July 7, 2012

Come Away...

        I had been working on a book about a changeling - a somewhat darker story for somewhat older readers - and I'm planning to have a few lines of poetry about fairies at the head of each chapter.  These are not to be nice fairies, not cute fairies, not pretty fairies, but rather they are beings of a world that is beautiful, terrifying, seductive, and cruel.
        I say I had been working on it, because T kept asking me about it and what I'd written and when she could read it, and I knew that it would be a few years before she'd be old enough for this book.  That's when I realized that, rather than fight the battle of refusing to let her read it, it might just be better to work on my other current idea instead, since that will be appropriate for kids P and T's age.  So I've turned my focus away from the fairies for now… But in honor of them, here's an excerpt from a poem that I've always found deeply evocative.
        Written by William Butler Yeats in 1886, it presents fairies somewhat ambiguously.  As described by the verses they seem mischievous, but small - Little People.  As implied by the refrain they appear almost more in the role of angels calling the innocent child beyond the pain of this mortal realm.  But in the last verse Yeats gives us the poignant reminder that there is sorrow in the loss of the world, even when it is a world full of weeping, and that home, with all its tears, may be better than exile in a land without sorrow.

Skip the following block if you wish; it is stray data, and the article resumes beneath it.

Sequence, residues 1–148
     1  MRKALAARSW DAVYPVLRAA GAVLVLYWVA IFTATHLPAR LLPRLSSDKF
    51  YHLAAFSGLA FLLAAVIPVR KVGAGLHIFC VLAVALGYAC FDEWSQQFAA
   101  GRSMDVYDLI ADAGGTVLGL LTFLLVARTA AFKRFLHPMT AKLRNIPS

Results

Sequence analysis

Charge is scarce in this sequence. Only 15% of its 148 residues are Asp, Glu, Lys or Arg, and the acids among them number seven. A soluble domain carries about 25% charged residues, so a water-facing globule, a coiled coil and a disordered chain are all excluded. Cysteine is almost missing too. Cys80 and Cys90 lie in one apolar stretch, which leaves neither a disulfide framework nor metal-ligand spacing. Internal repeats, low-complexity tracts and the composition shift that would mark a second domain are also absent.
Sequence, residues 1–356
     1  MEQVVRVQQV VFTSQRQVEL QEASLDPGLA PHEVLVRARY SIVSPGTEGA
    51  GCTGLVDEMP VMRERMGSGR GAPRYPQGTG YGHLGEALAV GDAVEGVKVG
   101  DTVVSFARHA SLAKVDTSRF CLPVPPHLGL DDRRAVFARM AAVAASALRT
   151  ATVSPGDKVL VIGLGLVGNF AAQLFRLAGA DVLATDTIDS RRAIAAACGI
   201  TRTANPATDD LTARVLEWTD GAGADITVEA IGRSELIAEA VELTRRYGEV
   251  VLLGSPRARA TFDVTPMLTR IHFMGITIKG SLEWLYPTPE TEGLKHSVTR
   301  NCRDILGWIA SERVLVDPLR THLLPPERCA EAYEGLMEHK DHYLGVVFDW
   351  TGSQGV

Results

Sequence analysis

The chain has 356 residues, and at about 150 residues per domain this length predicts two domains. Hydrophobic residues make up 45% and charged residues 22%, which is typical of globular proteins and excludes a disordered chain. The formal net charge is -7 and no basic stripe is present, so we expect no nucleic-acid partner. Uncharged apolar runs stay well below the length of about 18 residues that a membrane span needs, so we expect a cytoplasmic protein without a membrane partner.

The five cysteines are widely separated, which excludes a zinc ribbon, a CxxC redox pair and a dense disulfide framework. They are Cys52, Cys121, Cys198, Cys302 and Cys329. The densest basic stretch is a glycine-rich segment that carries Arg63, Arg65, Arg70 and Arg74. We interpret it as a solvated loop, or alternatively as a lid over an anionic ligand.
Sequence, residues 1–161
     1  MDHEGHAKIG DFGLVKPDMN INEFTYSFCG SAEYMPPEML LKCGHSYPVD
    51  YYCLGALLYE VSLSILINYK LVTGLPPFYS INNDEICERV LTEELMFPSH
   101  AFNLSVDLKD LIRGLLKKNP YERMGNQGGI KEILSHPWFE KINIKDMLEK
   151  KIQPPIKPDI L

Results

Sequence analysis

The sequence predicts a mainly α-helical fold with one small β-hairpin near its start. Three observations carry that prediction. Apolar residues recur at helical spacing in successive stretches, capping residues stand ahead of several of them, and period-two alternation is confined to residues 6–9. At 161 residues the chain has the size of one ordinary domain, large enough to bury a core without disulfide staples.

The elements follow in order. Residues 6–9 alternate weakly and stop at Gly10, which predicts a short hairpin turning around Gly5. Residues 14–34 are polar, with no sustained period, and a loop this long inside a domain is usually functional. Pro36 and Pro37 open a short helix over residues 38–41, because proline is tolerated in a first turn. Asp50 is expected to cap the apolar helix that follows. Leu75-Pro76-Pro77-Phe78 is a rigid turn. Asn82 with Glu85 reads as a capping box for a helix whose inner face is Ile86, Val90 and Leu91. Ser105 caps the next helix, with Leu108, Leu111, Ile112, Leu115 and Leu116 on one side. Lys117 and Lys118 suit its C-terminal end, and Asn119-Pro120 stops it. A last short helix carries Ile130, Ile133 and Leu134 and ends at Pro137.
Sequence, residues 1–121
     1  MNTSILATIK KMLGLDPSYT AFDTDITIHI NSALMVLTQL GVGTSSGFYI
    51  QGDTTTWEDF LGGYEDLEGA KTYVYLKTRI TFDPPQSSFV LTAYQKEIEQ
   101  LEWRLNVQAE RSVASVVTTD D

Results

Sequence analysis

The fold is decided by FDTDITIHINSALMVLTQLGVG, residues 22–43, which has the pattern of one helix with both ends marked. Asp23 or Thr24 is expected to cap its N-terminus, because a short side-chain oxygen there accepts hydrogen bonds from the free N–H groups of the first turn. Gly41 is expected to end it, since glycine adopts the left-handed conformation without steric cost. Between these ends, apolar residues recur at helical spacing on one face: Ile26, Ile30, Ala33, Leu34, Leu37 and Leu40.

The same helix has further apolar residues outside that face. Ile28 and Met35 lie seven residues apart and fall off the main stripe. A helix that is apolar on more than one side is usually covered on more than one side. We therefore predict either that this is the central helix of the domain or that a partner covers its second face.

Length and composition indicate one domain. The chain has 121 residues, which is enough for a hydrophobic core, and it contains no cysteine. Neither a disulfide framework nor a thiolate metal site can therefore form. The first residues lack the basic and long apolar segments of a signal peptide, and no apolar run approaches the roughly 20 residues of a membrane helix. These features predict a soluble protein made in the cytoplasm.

I give you only the last two verses.  To read the whole thing you can look here.

     from The Stolen Child

Where the wandering water gushes
From the hills above Glen-
     Car,
In pools among the rushes
That scarce could bathe a
     star,
We seek for slumbering
     trout
And whispering in their
     ears
Give them unquiet
     dreams;
Leaning softly out
From ferns that drop their
     tears
Over the young streams.
Come away, O human
     child!
To the waters and the wild
With a faery, hand in hand,
For the world's more full of weeping than you can understand.
Away with us he's going,
The solemn-eyed -
He'll hear no more the lowing
Of the calves on the warm hillside
Or the kettle on the hob
Sing peace into his breast,
Or see the brown mice bob
Round and round the oatmeal chest
For he comes, the human child,
To the waters and the wild
With a faery, hand in hand
From a world more full of weeping than he can understand.

[Picture: woodcut by Stephen Bone, first half of the 2oth century.
(Sorry to have so little info on this piece.  I found it, along with a small amount of information on the artist, here.)]

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